Breastfeeding and cocaine use
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Sally Tedstone
Breastfeeding Expert Midwife and Breastfeeding Educator with UNICEF UK Baby Friendly Initiative
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What do I do if my baby isn’t properly attached when breastfeeding?

If your baby’s attachment to the breast, isn’t right, it can be uncomfortable or even painful to breastfeed. Don't battle on if things are hurting. With expert help, it's possible to correct things quickly, which will make breastfeeding much more comfortable and rewarding for you both.
In Short

Signs that your baby isn't latched on properly include:

Sore or pinched nipples - very long feeds during which your baby falls asleep but wakes again distressed.

A 'clicking' sound due to poor suction - this is because your baby is tired from constant feeding or the baby isn’t latched on properly to start with.

Cracked or bleeding nipples, white or pale nipples due to compression and friction.

What to do when your baby’s attachment isn’t quite right

If this is the case, it’s often uncomfortable or even painful for you to breastfeed. This is because your nipple is getting pinched, probably because it’s not in the correct part of your baby’s mouth. You may notice your nipple comes out of baby’s mouth looking squashed or flattened, with a white line across it or tapered like an old lipstick. If feeding is going well, your nipple may come out looking a bit longer than usual but the end should be round as normal.

Usually, what’s happened is the nipple hasn’t gone far enough back into the soft part of your baby’s mouth, so it rubs on the harder front part every time she sucks or it rubs on the back of baby’s tongue.

If your baby attempts to feed while in this incorrect position, you’ll feel pain and when your baby comes off the breast your nipple will look misshapen. It won’t be long before your nipple gets really sore, and it may even crack or bleed. If your baby’s not attached properly, he might not be getting enough milk and feeds might be longer and more tiring.

Poor attachment can make your baby unhappy, hungry and restless.

If your baby’s not attached properly, it may affect your milk supply over time.

If milk isn’t being removed effectively, you may end up getting and you may even develop blocked ducts or mastitis.

If your breasts aren’t being emptied of milk sufficiently, the next feedback signal your body will send will be to ‘stop making milk’. This means your milk supply will decrease.

If all this sounds familiar, it’s time to ask for help – lots of new mums struggle with this, so don’t feel as though you’re on your own. The video here will help, and is a great place to start – and don’t forget you can ask for breastfeeding support at your local breastfeeding group.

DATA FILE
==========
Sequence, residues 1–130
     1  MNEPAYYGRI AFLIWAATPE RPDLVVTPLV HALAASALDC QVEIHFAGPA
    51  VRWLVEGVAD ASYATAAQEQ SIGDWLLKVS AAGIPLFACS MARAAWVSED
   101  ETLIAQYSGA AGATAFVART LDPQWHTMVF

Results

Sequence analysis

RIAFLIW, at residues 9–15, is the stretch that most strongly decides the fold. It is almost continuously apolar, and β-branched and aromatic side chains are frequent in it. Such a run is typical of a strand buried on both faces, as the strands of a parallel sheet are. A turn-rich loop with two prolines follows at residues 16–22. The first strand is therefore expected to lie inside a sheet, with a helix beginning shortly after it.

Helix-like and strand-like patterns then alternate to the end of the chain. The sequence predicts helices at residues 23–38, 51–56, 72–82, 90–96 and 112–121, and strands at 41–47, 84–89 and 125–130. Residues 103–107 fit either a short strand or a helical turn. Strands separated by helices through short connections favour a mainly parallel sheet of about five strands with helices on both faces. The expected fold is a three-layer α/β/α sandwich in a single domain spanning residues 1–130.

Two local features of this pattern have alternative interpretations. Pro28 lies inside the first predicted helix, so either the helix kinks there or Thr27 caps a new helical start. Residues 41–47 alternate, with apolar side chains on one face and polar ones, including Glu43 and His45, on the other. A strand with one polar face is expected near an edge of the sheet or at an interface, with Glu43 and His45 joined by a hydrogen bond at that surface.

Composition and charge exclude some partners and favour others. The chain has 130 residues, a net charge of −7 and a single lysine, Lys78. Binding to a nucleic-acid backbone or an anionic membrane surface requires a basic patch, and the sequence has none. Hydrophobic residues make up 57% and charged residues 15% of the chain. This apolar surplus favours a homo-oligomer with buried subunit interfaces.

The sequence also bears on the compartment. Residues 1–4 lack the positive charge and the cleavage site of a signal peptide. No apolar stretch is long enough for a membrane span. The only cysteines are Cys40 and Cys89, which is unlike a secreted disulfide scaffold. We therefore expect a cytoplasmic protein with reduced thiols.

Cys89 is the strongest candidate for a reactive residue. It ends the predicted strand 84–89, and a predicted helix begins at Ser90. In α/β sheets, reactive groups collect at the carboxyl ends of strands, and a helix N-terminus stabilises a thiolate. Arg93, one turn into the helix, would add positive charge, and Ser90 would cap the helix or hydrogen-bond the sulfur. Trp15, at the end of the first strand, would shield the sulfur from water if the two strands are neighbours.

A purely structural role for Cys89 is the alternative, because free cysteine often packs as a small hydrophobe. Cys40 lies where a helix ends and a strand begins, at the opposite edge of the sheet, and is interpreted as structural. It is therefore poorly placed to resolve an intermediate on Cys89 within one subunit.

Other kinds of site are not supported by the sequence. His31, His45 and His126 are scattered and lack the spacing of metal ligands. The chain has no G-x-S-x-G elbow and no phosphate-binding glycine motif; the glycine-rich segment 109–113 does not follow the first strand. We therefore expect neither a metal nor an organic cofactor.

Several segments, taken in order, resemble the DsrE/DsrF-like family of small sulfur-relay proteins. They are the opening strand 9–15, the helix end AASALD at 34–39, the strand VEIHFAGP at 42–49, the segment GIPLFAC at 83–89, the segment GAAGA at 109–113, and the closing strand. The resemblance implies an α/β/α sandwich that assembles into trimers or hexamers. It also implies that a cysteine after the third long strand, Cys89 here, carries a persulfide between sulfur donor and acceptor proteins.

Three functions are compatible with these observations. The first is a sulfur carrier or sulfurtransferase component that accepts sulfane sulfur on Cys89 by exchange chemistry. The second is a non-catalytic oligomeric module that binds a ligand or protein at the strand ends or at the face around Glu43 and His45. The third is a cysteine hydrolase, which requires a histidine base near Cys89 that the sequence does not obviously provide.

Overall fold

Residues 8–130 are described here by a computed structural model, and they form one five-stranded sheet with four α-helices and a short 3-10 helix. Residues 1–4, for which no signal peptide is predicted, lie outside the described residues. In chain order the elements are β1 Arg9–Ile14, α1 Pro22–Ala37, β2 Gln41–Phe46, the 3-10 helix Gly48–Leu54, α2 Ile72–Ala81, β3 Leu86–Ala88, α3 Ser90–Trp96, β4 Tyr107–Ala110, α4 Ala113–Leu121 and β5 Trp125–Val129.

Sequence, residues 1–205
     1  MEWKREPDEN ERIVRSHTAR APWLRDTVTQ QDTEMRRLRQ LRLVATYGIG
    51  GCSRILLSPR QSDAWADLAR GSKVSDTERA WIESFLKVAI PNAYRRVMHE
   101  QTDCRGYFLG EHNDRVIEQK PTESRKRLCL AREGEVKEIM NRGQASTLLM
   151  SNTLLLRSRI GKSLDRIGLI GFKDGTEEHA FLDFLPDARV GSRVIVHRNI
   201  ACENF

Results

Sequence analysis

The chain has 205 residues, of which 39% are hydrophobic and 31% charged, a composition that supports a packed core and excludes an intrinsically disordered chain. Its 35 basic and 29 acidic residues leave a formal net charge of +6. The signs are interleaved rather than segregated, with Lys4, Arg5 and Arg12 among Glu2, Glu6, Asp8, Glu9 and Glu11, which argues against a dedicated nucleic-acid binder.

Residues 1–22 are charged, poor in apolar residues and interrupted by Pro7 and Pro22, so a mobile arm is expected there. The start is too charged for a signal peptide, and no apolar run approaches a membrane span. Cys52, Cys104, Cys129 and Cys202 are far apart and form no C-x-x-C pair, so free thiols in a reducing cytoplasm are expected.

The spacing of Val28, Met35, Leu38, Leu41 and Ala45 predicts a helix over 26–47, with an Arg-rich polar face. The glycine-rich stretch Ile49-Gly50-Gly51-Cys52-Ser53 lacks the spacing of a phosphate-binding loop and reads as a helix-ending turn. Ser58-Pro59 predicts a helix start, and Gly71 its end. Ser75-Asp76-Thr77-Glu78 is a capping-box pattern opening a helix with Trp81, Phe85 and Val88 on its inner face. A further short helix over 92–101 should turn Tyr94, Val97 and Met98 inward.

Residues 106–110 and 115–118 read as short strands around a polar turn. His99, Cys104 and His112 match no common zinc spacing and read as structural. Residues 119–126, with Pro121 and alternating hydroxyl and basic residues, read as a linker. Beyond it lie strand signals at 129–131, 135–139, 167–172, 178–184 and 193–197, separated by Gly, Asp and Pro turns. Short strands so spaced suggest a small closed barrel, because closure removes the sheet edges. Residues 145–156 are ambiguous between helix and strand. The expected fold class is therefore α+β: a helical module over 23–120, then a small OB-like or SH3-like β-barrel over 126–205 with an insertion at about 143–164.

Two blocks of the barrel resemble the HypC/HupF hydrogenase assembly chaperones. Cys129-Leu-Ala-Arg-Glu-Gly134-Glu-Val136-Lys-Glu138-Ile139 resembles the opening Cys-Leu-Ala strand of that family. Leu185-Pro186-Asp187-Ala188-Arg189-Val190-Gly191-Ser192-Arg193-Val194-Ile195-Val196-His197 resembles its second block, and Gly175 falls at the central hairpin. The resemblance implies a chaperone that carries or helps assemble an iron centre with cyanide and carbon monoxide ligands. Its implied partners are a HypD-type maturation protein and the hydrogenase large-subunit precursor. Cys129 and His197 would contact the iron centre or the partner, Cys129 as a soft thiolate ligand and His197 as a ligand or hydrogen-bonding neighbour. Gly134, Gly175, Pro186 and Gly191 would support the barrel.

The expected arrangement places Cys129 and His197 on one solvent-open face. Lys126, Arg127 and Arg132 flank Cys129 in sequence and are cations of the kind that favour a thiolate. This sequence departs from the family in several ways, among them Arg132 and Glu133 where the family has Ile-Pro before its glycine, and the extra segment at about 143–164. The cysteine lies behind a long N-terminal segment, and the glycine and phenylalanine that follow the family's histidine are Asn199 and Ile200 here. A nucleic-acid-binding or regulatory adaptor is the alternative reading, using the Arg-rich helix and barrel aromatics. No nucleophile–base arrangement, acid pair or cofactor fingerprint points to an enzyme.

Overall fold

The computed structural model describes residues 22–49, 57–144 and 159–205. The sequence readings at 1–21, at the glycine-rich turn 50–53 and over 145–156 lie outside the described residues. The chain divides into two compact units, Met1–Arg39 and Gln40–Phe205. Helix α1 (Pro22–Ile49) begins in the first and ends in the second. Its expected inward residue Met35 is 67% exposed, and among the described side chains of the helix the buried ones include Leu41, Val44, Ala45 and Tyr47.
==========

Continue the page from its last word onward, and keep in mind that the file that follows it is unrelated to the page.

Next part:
What are the main signs of ineffective attachment in you?

  • Sore nipples resulting in painful feeds.
  • Full or engorged breasts which are not softened by feeding.
  • Decreasing supply of milk.
  • Cracked or bleeding nipples.
  • Suction may feel stronger because your baby is having to suck hard to remain attached.
What are the main signs of ineffective attachment in your baby?
  • Your baby seeming to become tired or frustrated during feeds.
  • Your baby’s pooing pattern may reduce (less than 2 in 24 hours)
  • Your baby’s skin may appear yellow because of jaundice
  • Your baby still seeming hungry and unsettled even after a feed.
  • Very long feeds.
  • You may hear a clicking sound during the feed
Getting your baby off your breast without it hurting

If your breast is already sore, just the idea of removing a baby intent on further feeding can be eye-watering. There is an easy way, however: simply insert your little finger very gently into your baby’s mouth while he’s still attached to your breast. You might need to wiggle your finger in until you touch his tongue. His mouth will open, breaking the latch. When this happens, you can gently ease him off your breast without him pulling hard on your nipple.

Common breastfeeding problems

Ineffective attachment is usually the reason behind the common breastfeeding problems. In the video below, Sally Tedstone explains how you and tell this is happening, and how you can try to sort it out.

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This article is for information only and should not be used for the diagnosis or treatment of medical conditions. Essential Parent has used all reasonable care in compiling the information from leading experts and institutions but makes no warranty as to its accuracy. Consult a doctor or other health care professional for diagnosis and treatment of medical conditions. For details click here.